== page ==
Gayle Madwin (queerbychoice) wrote,
Gayle Madwin
queerbychoice

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Questions from SWY1974

1. What published writer most accurately represents your views on sexuality in general (not including yourself, of course)?

I think I shall pick . . . Gore Vidal. Not only for the content of what he says, the exact opinions he expresses, but also for the sheer snideness and contempt with which he discusses all attempts to claim that homosexuality and heterosexuality have any inherent existence other than as silly inventions of society which should be done away with immediately.

2. If you had to choose one cause to dedicate your entire focus to (aside from queerbychoice), what would you choose?

I'm not sure how to define the borders between where "one" cause starts and "another" cause begins. Antiwar activism comes to mind, but then, I believe that economics and homophobia and all kinds of things constitute undeclared wars of their own kind.

3. What fictional character do you most strongly identify with?

Wow, great question. Hmm. Quite often I relate primarily to the authors of my favorite novels, more than to any of the characters. This is particularly true of Amy Bloom, Howard Buten, Joanna Russ and Alice Walker. Oh, and do autobiographies count? Because something about Christopher Isherwood's way of talking in his autobiographical writings just somehow made me feel like his personality was similar to mine. But as for relating to actual fictional characters . . . I related a whole lot to Ida in Gertrude Stein's book Ida: A Novel. I probably related more to her character than to any other fictional character, but I found that more than a little odd of me since when I look at the objective facts of her life, she seems like my complete opposite. I mean, Ida's entire life is spent winning beauty contests and marrying a new man every month, moving to a new place every month and not apparently having the slightest interest in maintaining permanent relationships of any kind with anyone or anything. But then, my musical idol is David Bowie, who has had plenty in common with Ida, and yet I manage to relate to him too. I don't know what it is about me that seeks permanence in my own life while somehow relating so strongly to others who seek constant change instead.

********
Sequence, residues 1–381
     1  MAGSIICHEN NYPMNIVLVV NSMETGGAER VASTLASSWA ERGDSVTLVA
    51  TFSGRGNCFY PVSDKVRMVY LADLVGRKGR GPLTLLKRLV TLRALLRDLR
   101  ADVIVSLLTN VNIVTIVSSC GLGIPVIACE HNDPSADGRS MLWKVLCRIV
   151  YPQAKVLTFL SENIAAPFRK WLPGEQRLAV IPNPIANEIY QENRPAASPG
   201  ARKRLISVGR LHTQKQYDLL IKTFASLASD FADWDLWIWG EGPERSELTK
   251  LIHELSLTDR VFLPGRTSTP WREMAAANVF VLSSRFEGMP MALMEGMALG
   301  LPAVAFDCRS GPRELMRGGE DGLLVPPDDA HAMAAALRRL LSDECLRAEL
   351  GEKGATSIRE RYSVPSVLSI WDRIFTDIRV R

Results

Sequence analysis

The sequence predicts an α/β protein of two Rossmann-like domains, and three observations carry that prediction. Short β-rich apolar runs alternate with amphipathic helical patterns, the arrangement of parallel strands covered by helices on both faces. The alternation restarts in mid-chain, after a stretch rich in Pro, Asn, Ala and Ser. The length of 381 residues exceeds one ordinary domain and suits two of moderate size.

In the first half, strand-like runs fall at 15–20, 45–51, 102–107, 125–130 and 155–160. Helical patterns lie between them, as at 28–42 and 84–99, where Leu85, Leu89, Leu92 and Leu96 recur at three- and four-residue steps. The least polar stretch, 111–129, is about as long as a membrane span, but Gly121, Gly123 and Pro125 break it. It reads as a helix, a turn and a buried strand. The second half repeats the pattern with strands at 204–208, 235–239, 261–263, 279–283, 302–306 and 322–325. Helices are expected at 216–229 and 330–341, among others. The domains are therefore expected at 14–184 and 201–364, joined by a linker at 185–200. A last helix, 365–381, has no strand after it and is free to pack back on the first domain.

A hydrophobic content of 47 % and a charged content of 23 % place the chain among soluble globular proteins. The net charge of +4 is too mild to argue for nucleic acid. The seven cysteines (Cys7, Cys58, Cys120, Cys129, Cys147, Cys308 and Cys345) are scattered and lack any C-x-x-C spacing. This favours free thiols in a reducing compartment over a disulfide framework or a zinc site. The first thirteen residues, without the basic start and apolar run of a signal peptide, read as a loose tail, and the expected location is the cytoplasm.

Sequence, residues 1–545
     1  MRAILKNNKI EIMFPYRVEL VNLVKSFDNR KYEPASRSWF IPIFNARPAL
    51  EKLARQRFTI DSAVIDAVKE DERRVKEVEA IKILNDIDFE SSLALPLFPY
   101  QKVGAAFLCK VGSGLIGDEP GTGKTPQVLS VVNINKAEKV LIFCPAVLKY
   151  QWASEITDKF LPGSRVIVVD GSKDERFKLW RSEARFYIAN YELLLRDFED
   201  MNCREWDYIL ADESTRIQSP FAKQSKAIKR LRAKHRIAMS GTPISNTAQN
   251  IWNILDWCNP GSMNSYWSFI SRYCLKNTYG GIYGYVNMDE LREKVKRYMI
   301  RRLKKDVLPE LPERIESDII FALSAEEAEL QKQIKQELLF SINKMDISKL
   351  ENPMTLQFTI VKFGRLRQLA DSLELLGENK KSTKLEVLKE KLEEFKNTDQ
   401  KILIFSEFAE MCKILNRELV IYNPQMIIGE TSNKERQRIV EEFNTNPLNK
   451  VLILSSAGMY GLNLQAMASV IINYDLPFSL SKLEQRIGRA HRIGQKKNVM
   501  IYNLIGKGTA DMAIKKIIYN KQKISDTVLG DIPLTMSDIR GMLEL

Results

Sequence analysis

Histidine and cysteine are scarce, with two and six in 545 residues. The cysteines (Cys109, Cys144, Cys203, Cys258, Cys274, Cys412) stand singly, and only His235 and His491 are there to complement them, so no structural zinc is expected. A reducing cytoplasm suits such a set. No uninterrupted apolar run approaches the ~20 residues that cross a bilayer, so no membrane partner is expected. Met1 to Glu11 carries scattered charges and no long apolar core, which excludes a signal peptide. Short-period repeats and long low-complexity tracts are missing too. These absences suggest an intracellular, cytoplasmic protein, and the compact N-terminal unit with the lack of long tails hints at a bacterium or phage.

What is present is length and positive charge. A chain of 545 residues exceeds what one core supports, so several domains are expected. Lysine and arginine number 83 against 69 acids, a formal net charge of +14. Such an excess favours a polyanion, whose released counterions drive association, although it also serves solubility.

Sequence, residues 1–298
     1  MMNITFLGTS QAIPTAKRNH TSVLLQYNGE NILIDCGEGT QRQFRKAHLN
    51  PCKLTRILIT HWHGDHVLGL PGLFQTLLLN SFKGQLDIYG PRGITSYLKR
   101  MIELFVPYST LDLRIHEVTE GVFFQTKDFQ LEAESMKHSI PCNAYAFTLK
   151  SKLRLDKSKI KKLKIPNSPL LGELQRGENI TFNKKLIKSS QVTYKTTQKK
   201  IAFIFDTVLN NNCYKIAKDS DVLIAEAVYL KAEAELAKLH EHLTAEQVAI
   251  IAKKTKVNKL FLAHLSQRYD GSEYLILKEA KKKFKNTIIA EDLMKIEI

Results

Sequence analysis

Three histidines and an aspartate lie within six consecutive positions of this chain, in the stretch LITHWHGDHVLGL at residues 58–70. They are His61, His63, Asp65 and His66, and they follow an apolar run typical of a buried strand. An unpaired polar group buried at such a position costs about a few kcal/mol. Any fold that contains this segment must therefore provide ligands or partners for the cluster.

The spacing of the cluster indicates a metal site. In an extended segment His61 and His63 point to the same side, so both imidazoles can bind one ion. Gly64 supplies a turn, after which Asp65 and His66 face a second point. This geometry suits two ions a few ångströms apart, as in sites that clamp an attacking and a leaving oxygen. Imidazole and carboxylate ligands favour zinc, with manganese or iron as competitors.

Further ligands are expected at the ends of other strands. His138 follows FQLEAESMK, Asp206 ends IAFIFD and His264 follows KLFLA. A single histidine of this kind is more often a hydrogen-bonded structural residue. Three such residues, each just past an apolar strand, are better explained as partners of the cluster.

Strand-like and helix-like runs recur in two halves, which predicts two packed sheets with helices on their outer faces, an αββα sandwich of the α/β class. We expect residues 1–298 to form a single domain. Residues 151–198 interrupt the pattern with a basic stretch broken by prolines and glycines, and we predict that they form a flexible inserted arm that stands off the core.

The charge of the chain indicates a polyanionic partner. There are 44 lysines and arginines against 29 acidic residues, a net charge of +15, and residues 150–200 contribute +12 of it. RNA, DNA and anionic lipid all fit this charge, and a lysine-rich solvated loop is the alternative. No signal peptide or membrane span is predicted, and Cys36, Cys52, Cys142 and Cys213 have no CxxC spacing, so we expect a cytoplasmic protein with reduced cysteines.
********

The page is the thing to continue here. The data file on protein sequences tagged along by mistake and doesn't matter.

Oh, and then there's the guy in one of Kobo Abe's novels who wakes up to find radishes growing out of his legs one day. I relate to him lot too, but only because it's exactly the kind of crazy skin growth that I can totally imagine my own skin inflicting upon me at any moment. :p

4. Do you have pets? Why or why not?

I don't. I've thought often about getting a cat, but I've never yet even managed to keep a plant alive for more than three days at any point in my life, so I'm not sure I'm up for the responsibility of a cat. I mean, at least a cat would meow at me and demand food, unlike the plants, so it'd get my attention and I would manage not to kill it . . . but I might end up terribly annoyed at all the work. Or, really, I might just love it too much and spend all my time petting it and never get anything else done, and maybe I'm terrified of finding at the end of my life that I never did any of the things I wanted to because I got distracted by petting the cat all day instead. I don't know. I might get one. I might not.

5. How would you define "low-maintenance lifestyles"?

What I meant by including it in my interests list was that I don't go out places, I don't tend to demand a lot of attention from people, I stay indoors and I sit alone and I eat the same thing every night because it's cheap and easy to make . . . I don't have a cat because cats require maintenance, and I don't have any plants because plants require maintenance, and I never sweep my kitchen floor or vacuum my carpets because that would be maintenance too. I aim for a pretty minimal level of maintenance.

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